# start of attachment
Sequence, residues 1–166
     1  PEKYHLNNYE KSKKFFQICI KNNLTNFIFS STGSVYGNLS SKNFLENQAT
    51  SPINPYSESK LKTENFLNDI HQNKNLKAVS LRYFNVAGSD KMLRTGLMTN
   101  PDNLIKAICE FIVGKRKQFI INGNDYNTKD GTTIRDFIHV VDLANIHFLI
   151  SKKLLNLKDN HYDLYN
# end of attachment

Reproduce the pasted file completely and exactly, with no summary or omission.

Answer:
Sequence, residues 1–166
     1  PEKYHLNNYE KSKKFFQICI KNNLTNFIFS STGSVYGNLS SKNFLENQAT
    51  SPINPYSESK LKTENFLNDI HQNKNLKAVS LRYFNVAGSD KMLRTGLMTN
   101  PDNLIKAICE FIVGKRKQFI INGNDYNTKD GTTIRDFIHV VDLANIHFLI
   151  SKKLLNLKDN HYDLYN